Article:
Credit: Carl Perry

The Santa Barbara Board of Education unanimously voted not to renew its contract with the School Resource Deputy at San Marcos High School and to direct staff to reallocate funds and create alternatives for the district high schools to address issues such as poor attendance, family addiction issues, and bullying.

“We cannot continue to go forth, when we have the opportunity to rethink campus safety,” said Board Clerk Wendy Sims-Moten. “I think this is the opportunity to step up and do what we need to do.”

About 30 people — parents, students, teachers, and community members who work with students — spoke in public comment, raising concerns that allowing an officer to remain on campus will inflict further damage on students, especially students of color who have trauma due to interactions with law enforcement. Some students from San Marcos have used social media to share their stories about interactions with police officers or direct interactions with a School Resource Deputy (SRD). 

Several local groups were invited to discuss the concerns regarding officers on campus, including Showing Up for Racial Justice S.B. (SURJ) and Ethnic Studies Now. The group Cops Off Campus S.B., a student organization that first met with the district to discuss the issue, has been one of the social media accounts that allowed students, teachers, or parents to anonymously voice their opposition and concerns.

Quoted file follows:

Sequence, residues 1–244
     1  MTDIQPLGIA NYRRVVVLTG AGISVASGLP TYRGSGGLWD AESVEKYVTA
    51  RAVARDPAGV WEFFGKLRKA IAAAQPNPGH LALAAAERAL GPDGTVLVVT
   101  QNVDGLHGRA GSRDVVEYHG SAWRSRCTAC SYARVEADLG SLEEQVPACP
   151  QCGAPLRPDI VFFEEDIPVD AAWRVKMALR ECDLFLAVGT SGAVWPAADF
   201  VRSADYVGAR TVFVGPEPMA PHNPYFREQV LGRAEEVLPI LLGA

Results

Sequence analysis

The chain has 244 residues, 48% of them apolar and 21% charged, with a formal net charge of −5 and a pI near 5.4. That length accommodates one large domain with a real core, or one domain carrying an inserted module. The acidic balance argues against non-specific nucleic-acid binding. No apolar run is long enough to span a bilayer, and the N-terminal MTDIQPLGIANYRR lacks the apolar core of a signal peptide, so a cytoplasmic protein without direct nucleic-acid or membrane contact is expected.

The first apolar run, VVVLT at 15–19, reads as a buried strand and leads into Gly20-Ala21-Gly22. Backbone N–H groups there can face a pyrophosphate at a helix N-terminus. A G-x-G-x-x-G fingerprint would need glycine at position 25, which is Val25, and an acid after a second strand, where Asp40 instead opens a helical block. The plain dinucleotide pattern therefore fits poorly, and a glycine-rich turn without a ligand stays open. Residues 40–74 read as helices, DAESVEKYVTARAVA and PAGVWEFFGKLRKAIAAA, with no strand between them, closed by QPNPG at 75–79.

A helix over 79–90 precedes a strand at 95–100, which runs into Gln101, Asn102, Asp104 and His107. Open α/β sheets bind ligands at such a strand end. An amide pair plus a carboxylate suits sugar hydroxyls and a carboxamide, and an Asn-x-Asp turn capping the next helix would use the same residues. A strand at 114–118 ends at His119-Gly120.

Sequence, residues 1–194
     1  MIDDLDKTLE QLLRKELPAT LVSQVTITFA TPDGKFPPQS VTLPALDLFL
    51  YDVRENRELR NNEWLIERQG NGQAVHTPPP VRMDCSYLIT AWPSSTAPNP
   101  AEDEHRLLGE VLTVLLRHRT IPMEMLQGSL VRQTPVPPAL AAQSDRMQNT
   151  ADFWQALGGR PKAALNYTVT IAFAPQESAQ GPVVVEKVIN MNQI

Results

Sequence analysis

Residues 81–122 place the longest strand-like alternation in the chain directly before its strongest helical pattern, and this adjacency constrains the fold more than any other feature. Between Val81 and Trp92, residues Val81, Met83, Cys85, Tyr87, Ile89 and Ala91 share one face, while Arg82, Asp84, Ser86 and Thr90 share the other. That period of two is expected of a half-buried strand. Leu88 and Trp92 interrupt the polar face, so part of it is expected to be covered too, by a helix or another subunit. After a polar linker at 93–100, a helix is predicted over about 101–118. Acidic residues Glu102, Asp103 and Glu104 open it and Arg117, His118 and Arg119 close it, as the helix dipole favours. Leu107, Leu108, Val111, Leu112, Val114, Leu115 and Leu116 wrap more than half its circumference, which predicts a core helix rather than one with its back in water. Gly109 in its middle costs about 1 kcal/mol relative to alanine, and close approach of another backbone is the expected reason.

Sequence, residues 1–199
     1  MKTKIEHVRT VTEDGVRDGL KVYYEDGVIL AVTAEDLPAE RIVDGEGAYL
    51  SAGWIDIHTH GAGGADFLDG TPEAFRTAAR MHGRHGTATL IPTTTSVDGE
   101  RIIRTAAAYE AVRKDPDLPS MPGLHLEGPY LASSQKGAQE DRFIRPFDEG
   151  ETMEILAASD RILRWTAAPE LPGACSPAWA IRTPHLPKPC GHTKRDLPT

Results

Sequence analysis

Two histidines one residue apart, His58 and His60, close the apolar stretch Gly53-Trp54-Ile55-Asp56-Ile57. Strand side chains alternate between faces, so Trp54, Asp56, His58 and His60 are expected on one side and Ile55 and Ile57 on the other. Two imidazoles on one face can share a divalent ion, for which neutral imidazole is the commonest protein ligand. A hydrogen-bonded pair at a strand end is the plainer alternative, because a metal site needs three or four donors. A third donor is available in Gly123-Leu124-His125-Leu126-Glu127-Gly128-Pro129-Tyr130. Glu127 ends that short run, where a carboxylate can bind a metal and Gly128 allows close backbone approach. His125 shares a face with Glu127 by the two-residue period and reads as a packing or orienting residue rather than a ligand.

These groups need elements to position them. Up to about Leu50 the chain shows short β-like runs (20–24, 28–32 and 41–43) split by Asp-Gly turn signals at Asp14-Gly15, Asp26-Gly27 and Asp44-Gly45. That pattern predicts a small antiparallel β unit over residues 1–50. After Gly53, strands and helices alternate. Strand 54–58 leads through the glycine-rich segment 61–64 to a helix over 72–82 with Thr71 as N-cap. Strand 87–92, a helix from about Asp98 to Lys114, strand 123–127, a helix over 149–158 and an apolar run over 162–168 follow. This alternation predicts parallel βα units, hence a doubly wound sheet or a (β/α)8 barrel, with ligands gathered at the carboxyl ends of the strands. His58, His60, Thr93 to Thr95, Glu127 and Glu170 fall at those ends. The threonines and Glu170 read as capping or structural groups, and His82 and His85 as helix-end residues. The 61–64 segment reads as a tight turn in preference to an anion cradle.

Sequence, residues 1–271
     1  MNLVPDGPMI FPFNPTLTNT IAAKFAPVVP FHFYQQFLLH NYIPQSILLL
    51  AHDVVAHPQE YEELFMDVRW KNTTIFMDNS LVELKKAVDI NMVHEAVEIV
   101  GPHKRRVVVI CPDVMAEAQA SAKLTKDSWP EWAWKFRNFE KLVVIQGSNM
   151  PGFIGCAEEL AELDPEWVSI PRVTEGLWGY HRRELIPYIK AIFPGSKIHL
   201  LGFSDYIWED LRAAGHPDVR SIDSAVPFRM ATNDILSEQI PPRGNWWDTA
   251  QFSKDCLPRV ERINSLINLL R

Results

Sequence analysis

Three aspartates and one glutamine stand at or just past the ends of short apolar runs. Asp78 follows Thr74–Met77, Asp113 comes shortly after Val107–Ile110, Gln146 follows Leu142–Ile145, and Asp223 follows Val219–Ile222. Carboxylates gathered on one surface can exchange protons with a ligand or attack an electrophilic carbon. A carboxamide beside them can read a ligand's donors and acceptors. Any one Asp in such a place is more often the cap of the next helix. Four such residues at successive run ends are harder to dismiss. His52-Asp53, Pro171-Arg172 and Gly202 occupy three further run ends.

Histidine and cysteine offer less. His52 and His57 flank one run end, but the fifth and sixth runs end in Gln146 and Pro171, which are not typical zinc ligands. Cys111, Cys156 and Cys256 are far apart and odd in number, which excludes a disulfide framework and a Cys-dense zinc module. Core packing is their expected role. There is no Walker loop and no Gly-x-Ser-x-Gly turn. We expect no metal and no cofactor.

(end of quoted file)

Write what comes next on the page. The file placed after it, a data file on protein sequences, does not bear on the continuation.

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“There is just not enough evidence that a [School Resource Officer] prevents gun violence,” Board Member Laura Capps said. “It’s not something I can support going forward.”

In other news at the board meeting was a report that 17 students and two staff members in the Santa Barbara Unified School District tested positive for COVID-19 last week, and currently, there are 754 students’ families that have not consented to testing. 

Since the beginning of the school year in August, 80 students and 23 staff have contracted COVID-19. Though vaccination has been encouraged by the district for all eligible students, about 27 percent, or about 2,400 secondary school students, have been fully vaccinated. 

Among district staff, about 91 percent, or about 1,500 staff members have been fully vaccinated. The board passed a vaccine mandate in September which would require all district staff to be fully vaccinated by November 1. Currently, about 91 employees are seeking exemption from the mandate. 

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